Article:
Face Coverings are not mandatory on our heritage railway at Alert Level 1
We however encourage people to wear a mask where physical distancing is difficult, so you may choose to wear one while travelling with us. The new legislation applies only to public transport operators.
If you are unwell, please stay home
Plan your visit by viewing our Public Trains Calendar
Excursion trains operate on selected Sundays and public holidays.
Return trips take 2 hours, and travel past vineyards and the distinctive limestone formations of the Weka Pass
Super Saver Carriage Hire
Thinking about taking your club or social group for a special day out?
Weka Pass Railway presents:
The Super Saver Carriage Hire. Hire one of our 1930’s Carriages with up to 37 seats on one of our standard public trains at a discounted rate.
Heritage Diesel Trains
The hills of the Weka Pass are dry!
Due to fire restrictions, our classic 1950’s diesel electric locomotives are pulling our trains
‘Built like a brick house’, the 65 tonne British-built DG’s were seen throughout New Zealand until the early 1980s
Have you been back in time yet?
The volunteers who form the Weka Pass Railway warmly welcome you aboard. We operate excursion trains, hauled by both vintage steam and diesel-electric locomotives, over 12.8 km of scenic line through the unique limestone beauty of the Weka Pass.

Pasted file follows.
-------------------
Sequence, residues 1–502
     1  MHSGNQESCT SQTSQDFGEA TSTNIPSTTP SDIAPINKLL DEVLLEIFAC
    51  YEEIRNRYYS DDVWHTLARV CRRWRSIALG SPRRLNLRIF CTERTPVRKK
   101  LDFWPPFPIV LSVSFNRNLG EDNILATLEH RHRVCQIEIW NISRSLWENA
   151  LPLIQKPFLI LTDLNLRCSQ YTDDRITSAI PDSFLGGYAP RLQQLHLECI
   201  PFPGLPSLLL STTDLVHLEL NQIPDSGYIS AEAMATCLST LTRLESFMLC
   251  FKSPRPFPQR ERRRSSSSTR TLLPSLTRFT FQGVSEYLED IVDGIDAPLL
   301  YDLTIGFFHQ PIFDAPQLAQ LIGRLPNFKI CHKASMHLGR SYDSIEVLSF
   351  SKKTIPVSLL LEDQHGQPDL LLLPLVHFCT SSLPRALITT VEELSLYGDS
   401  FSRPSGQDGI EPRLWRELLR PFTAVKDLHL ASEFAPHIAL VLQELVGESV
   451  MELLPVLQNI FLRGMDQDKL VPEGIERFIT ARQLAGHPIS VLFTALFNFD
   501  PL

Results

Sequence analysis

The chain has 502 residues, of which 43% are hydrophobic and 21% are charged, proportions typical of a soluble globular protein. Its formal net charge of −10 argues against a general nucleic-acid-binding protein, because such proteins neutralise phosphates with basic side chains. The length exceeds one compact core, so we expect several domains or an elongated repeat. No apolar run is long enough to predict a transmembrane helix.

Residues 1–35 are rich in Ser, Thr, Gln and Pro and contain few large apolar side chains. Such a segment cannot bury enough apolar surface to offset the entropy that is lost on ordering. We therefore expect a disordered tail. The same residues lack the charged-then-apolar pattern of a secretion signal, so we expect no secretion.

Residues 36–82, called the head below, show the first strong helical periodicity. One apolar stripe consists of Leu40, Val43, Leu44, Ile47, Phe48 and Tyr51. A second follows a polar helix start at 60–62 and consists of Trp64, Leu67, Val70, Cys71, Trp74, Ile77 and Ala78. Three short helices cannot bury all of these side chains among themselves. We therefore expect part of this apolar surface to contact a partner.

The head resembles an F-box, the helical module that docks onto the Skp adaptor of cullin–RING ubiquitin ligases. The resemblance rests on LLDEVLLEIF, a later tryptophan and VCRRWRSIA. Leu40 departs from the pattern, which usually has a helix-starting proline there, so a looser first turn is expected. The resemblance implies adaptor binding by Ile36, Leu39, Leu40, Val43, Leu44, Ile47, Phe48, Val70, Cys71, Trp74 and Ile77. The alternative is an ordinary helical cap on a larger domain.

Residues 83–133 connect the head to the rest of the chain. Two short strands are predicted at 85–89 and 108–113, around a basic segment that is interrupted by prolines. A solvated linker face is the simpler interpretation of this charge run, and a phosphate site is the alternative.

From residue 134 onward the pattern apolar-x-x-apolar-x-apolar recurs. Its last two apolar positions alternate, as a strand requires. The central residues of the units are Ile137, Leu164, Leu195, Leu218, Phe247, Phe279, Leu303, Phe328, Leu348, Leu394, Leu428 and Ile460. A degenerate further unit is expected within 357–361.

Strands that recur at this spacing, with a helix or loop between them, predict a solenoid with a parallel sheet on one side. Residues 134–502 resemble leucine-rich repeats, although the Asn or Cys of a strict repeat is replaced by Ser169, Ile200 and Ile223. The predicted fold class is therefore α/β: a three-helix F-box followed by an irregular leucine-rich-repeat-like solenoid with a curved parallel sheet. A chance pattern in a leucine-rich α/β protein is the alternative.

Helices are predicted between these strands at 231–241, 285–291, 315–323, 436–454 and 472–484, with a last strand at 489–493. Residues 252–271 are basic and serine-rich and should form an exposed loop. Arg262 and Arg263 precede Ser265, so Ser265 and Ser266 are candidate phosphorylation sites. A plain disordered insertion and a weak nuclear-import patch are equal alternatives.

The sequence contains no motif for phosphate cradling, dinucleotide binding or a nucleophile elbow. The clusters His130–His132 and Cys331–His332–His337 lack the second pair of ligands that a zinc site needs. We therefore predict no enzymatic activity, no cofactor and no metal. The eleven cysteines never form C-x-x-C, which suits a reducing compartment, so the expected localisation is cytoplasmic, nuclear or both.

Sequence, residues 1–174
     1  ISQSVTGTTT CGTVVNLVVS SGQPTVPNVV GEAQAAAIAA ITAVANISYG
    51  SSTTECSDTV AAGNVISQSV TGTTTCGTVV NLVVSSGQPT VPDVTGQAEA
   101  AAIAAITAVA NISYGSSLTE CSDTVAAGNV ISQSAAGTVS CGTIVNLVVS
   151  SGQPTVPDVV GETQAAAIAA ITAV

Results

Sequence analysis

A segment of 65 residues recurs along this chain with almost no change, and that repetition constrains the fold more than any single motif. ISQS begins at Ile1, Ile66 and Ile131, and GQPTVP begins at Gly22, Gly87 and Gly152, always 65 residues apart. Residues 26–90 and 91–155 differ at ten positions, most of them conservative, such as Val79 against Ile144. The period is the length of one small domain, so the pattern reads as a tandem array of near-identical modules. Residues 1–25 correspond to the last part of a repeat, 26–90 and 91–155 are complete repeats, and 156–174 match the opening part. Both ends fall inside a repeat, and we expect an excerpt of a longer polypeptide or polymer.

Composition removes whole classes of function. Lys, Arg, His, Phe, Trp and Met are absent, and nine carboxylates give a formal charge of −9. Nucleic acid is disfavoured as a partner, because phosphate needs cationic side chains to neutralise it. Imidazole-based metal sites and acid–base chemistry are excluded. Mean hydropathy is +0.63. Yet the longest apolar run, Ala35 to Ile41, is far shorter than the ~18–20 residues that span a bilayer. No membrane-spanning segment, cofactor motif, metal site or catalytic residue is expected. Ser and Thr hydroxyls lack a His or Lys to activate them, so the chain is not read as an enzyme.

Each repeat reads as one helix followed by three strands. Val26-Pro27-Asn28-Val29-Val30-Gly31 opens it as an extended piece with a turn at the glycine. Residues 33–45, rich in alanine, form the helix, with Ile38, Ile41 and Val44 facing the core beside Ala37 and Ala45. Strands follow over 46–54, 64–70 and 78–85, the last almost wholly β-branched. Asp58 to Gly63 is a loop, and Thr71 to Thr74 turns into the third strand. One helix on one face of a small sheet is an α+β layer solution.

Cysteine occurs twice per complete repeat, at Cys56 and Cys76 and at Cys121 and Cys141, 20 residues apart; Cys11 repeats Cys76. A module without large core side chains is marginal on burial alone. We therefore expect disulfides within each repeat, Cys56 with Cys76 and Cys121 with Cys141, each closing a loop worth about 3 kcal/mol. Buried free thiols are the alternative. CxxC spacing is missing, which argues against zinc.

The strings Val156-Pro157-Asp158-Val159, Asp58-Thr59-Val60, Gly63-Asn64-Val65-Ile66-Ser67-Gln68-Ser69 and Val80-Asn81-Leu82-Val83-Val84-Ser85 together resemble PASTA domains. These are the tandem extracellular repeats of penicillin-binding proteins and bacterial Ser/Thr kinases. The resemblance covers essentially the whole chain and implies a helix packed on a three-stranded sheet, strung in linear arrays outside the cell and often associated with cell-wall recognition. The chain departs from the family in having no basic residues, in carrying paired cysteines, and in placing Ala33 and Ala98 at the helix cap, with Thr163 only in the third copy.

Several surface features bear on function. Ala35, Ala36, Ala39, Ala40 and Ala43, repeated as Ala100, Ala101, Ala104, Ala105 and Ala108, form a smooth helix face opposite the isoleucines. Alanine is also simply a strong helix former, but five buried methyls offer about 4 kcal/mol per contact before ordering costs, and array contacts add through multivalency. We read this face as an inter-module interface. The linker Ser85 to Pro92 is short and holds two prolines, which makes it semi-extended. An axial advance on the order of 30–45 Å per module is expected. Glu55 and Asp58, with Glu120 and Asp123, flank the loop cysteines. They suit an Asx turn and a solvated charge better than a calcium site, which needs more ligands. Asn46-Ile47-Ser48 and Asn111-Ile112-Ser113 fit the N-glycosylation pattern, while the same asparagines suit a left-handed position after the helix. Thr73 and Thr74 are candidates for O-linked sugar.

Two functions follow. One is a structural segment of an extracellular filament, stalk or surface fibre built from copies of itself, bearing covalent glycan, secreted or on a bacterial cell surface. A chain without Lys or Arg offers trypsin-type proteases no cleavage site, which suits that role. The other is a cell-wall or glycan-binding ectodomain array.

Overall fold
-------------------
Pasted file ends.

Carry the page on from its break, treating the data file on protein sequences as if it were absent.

The Weka Pass Railway is a historic rural railway using both vintage steam and diesel-electric locomotives through the unique limestone beauty of the Weka Pass out of Waipara, where superior weather patterns provide crystal clear air and high sunshine hours. The Weka Pass Railway is a totally voluntary organization, whose members are dedicated to the preservation of New Zealand’s rail heritage.
Initially, the railway runs across flat farmland and passes a large irrigation reservoir and vineyards, before climbing grades as steep as 1:50 ( 2%) as it winds through the cuttings in the Pass. One can only marvel at the achievements of the workers who in the 1880’s moved tons of clay and limestone by hand to form all the cuttings and large embankments. The Weka Pass section was completed in just over two years. The land was once under the sea and some of the surrounding limestone rocks have weathered into unusual shapes. Most notable are Frog Rock and Seal Rock, in the middle of the Weka Pass. Seashells and fossils may be seen in the walls of many cuttings. The line opened to Waikari in 1882 and extended to Waiau by 1919. It was planned to extend the line to the West Coast, Nelson and Picton. However, plans changed in the early part of this century and the main line now follows the coast to Picton. Regular passenger services were withdrawn in 1939 and the Waiau Branch closed on January 15th, 1978. The line to Waikari was purchased by the Weka Pass Railway Inc. after the end of a union embargo in 1983.